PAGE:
It’s fitting that Theon’s last stand is in the godswood, the most sacred place of the family he ultimately chooses, but he uses archery and a pike, the weapons of his people, and surrounds himself with Iron Born (more nameless souls who probably nearly all die). And Bran not only absolves him of his misdeeds, he gives Theon an identity, something he’s lacked since he first came to Winterfell: “You are a good man.” And because Bran-as-Raven represents memory, a good man is how Theon will be known through time.
WHAT IS DEAD MAY NEVER DIE.
Jon Snow has also been in search of an identity since childhood, and he’s spent the past seven and a half seasons trying different ones on. Unlike Theon, or various other characters whose stories culminate in this battle, Jon’s still on his journey – and I’m not sure where it’s headed anymore. And that’s GREAT.
For years Jon has been the main voice directing attention, on screen and off, to the Walkers. He’s never really cared about who holds the throne, he joined up with the Night’s Watch before it was in play and he’s been watching for this night since then. But he spends this battle he’s been preparing forever for running around trying to get in it. At first that is according to plan – he intended to wait for Davos to signal the dragons – but it becomes a theme. After the first fire strike the dragons get lost in the fog, then Aegon and Rhaegal are downed in the fight with Viserion and the Night King. Daenerys gets the Night King off his dragon but when Jon confronts Ol’ NK necromances a bunch of the newly dead to get in between them (and a bunch of long dead to attack everyone in the “safety” of the crypts as predicted). Jon spends the rest of the fight trying to get to the godswood and he never makes it.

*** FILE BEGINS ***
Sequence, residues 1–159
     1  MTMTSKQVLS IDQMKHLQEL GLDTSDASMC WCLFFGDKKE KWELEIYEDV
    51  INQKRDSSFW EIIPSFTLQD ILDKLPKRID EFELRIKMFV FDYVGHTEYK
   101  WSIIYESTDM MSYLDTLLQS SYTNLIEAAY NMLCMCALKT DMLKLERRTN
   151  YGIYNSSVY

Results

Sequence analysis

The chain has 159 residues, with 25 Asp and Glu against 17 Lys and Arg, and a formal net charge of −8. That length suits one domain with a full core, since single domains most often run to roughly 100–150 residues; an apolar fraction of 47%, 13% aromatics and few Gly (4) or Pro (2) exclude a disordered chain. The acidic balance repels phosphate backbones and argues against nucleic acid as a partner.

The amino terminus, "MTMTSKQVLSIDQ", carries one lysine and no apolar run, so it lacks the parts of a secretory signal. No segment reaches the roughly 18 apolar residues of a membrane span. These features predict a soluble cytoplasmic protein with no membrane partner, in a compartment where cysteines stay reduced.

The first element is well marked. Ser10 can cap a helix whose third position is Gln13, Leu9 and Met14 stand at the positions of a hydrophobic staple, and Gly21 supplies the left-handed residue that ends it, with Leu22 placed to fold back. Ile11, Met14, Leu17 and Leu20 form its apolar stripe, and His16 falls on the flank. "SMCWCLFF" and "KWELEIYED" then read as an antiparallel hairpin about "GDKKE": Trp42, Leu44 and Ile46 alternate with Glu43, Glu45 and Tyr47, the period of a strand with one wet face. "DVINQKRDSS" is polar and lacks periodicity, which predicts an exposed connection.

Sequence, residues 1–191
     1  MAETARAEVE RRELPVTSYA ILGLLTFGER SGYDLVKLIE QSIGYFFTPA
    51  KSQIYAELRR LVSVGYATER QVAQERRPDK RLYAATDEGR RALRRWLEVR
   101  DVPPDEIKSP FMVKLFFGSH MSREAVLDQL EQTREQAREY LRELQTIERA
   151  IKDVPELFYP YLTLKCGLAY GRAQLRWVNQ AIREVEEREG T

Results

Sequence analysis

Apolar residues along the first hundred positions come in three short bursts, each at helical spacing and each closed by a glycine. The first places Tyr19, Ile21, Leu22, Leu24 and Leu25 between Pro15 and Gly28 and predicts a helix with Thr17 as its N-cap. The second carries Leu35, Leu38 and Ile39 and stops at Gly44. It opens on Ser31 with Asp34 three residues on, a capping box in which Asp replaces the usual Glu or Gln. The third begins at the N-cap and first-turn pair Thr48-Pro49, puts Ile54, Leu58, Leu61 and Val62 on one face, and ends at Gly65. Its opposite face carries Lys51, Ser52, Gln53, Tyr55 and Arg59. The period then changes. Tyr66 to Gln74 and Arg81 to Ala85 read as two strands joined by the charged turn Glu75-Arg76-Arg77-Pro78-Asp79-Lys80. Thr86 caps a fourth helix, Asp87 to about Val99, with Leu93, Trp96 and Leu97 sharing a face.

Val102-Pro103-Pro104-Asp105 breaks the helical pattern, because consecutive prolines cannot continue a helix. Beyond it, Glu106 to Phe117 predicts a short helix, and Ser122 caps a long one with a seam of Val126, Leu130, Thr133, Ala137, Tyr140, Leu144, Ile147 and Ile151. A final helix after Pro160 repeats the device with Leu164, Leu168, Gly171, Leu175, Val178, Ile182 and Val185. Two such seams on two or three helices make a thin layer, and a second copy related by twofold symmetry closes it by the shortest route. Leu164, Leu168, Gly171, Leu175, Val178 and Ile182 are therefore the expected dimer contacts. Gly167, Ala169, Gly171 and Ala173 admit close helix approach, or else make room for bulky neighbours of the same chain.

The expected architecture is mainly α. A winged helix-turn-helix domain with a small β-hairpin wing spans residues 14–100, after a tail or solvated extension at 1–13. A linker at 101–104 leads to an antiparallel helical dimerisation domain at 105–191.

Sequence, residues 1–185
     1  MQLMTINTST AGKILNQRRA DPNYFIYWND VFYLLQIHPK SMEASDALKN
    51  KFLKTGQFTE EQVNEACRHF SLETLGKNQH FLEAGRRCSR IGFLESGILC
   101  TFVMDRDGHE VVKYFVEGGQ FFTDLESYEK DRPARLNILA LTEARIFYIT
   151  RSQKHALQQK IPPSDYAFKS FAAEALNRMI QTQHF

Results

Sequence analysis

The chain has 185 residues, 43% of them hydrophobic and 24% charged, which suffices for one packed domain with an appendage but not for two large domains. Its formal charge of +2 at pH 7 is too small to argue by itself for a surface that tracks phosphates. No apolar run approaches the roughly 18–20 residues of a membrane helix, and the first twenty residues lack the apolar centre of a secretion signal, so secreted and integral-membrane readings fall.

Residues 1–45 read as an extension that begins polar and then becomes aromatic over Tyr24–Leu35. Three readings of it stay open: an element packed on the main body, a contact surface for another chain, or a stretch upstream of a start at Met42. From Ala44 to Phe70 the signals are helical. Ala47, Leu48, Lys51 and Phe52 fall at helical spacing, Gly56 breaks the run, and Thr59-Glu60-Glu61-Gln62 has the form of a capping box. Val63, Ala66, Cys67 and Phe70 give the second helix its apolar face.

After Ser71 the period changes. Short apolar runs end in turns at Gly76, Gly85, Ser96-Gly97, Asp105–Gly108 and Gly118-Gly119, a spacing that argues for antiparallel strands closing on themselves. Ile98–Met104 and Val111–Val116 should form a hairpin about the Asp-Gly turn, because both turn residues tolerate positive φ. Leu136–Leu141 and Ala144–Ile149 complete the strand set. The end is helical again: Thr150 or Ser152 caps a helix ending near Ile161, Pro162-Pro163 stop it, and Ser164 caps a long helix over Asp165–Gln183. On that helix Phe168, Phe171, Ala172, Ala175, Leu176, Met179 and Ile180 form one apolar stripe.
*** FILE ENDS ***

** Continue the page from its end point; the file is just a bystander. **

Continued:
Now, this may be an unpopular opinion, but that doesn’t make Jon/Aegon useless, and it doesn’t negate his character arc. Once committed Jon fights every minute of this fight. He fails to light the trench, he falls off his dragon, he gets surrounded by wights and needs an assist from Daenerys again, and he’s unable to get around the ice dragon but he doesn’t stop trying. And that serves as a distraction to the Night King. It’s not the part Jon or the Night King or the audience expected him to play, but it’s not nothing. And I am way more interested in Jon’s identity crisis now than I was before this battle.
A GIRL IS ARYA STARK OF WINTERFELL
Arya, too, had a journey to her identity. It’s almost as if it’s thematic. The clues to Arya’s defeat of the Night King are littered throughout the series and these last episodes. She has been training for this moment since year one. I always complained that Arya was off on her own plot, disconnected from the rest of the story, but it (retroactively) wasn’t! She was training to kill Death! When Gendry called them that in the season premiere I expected her to give the not today rejoinder and that was some smart writing, good job Game of Thrones you got me! Arya’s moment absolutely surprised me but it didn’t come out of nowhere.
And the more I think about it the more amazingly awesome it is. Jon Snow set her on the path with his first gift of a sword. Bran gave her the dagger, that was Littlefinger’s, that was part of the plot that started the war. Beric Dondarrion’s elusive destiny was to save Arya Stark. Sandor Clegane pulls himself out of a completely reasonable anxiety attack to save Arya Stark. Melisandre pops up to drop the last pieces in place, to send Arya on her way with the words of her dead teacher. These three were all on Arya’s list, and she had opportunities to kill them, and she didn’t. That list was never Arya’s story, it was her coping mechanism, and part of her training.
FIRE AND BLOOD